Posted July 20, 2015 by

Careers in the Foreign Service – One Diplomat’s Story

Becoming a Foreign Service Officer can be extremely challenging but on the other hand is even more rewarding. Ana Escrogima describes her experiences as a U.S. Foreign Service Officer in the Middle East and how the State Department carries out its mission to implement foreign policy objectives. She also describes the efforts of the State Department to recruit diverse and talented candidates for the Foreign and Civil Service.

In this recorded webinar, Andrea McEwen Henderson, National Account Manager for College Recruiter, hosts Ana Escrogima, Diplomat in Residence for the New York Metro Area.

Key Takeaways:

  • Work with the State Department on the forefront of foreign policy issues attracts people with a both sense of adventure and key skills that are essential to a successful career.
  • Given the nature of 21st century policy challenges, a diverse and dynamic staff at the State Department is essential to good policy making and effective diplomacy.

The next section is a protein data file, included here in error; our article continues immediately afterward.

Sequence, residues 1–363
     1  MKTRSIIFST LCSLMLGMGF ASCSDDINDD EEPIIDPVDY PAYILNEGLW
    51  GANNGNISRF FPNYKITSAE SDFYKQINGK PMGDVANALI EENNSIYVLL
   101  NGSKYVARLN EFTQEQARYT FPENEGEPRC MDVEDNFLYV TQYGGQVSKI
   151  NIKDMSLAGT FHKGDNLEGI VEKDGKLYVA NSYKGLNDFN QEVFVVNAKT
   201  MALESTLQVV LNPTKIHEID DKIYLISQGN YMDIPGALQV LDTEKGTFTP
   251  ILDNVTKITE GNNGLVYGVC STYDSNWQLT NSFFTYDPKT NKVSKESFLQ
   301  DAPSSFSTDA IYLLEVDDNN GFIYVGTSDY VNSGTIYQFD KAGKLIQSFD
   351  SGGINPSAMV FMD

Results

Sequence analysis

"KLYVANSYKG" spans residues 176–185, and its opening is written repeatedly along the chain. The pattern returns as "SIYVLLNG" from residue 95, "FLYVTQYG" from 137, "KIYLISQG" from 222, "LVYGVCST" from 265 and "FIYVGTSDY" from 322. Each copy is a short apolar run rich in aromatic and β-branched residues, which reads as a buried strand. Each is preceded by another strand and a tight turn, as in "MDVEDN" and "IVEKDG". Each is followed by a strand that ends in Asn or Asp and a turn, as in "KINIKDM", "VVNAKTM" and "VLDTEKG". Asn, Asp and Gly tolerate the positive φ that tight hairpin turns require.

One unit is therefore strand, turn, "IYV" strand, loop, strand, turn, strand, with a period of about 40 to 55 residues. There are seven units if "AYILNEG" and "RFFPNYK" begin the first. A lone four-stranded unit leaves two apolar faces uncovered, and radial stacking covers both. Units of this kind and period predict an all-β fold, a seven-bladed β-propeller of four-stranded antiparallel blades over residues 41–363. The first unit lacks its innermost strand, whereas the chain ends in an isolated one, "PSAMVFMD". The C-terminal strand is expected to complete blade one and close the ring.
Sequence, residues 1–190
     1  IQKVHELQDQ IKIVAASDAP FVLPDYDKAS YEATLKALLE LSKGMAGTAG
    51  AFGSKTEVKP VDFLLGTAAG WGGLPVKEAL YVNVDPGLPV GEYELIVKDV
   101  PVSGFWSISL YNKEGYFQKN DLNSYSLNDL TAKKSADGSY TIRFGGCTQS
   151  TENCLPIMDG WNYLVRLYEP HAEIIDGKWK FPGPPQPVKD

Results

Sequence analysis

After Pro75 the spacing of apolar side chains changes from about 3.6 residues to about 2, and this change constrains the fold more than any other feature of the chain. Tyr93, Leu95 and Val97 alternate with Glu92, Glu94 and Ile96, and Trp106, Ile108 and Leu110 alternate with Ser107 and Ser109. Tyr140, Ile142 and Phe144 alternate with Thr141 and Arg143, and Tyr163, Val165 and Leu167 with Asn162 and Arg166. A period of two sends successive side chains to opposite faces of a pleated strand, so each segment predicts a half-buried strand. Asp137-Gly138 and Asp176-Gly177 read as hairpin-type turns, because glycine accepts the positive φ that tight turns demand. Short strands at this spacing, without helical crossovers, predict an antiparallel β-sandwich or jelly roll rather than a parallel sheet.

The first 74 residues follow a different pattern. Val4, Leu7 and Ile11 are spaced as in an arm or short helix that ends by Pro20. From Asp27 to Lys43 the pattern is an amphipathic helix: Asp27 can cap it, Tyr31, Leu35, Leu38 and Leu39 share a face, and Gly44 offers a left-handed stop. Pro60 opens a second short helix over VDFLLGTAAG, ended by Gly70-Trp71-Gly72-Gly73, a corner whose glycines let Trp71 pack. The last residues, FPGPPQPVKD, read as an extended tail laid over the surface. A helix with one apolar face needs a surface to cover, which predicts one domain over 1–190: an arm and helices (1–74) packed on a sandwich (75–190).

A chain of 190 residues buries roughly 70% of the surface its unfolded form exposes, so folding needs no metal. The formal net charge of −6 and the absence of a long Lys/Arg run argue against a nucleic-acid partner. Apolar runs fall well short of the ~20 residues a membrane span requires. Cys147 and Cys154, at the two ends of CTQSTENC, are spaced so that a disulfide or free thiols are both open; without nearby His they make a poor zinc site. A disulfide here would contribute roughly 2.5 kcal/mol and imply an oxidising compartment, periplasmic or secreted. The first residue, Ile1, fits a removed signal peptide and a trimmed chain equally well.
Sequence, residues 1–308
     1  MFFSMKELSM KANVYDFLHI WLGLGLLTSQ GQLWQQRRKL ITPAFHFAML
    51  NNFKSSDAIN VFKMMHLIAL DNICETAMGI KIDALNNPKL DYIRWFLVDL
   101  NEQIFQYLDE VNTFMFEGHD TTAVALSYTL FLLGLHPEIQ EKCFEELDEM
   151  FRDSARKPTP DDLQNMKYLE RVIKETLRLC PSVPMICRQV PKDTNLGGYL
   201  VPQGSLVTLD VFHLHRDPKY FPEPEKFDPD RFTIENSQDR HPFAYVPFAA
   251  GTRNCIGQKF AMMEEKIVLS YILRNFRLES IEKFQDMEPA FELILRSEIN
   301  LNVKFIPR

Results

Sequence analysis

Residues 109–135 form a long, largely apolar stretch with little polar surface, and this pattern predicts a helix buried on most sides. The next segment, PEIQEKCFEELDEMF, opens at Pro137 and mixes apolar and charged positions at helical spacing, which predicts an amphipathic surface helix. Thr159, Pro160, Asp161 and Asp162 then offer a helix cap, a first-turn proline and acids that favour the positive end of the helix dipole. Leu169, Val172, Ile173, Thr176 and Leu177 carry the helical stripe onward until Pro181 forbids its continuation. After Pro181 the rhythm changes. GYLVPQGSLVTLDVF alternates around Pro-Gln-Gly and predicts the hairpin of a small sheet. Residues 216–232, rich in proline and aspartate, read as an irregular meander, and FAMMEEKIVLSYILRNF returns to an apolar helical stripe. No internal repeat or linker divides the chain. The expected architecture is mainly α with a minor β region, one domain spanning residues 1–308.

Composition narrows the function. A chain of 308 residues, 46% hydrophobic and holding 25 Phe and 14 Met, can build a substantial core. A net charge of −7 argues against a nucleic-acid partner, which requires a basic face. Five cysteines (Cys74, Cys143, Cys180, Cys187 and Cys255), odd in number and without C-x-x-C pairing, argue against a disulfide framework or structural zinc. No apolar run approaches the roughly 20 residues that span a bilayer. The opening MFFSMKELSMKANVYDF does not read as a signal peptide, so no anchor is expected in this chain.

• The Foreign Service is more than just a career path; it is a lifestyle and a great opportunity to serve your country.

Ana Escrogima is a Foreign Service Officer currently serving as the Diplomat in Residence at City College of New York. Before this assignment, she was the Deputy Director for Syria in the Bureau of Near Eastern Affairs at the Department of State.

Ana earned a Master’s degree from Columbia University’s School of International and Public Affairs in 2003 and a Bachelor of Arts at Brown University in 2001.

Topics Discussed:

  1. Tell us a bit about your background and Foreign Service career.
  • I grew up on the lower east side in New York. The time I first became interested in communication with other cultures was in my high school French class. It really opened doors for my future involving this passion of mine. It planted the seed so to speak. For undergrad, I went to brown university, and majored in international relations and French. I had decided to study abroad and really enjoyed the experience. Then I went to Columbia University for graduate school and studied Arabic. That’s when I decided that I wanted to go overseas and serve.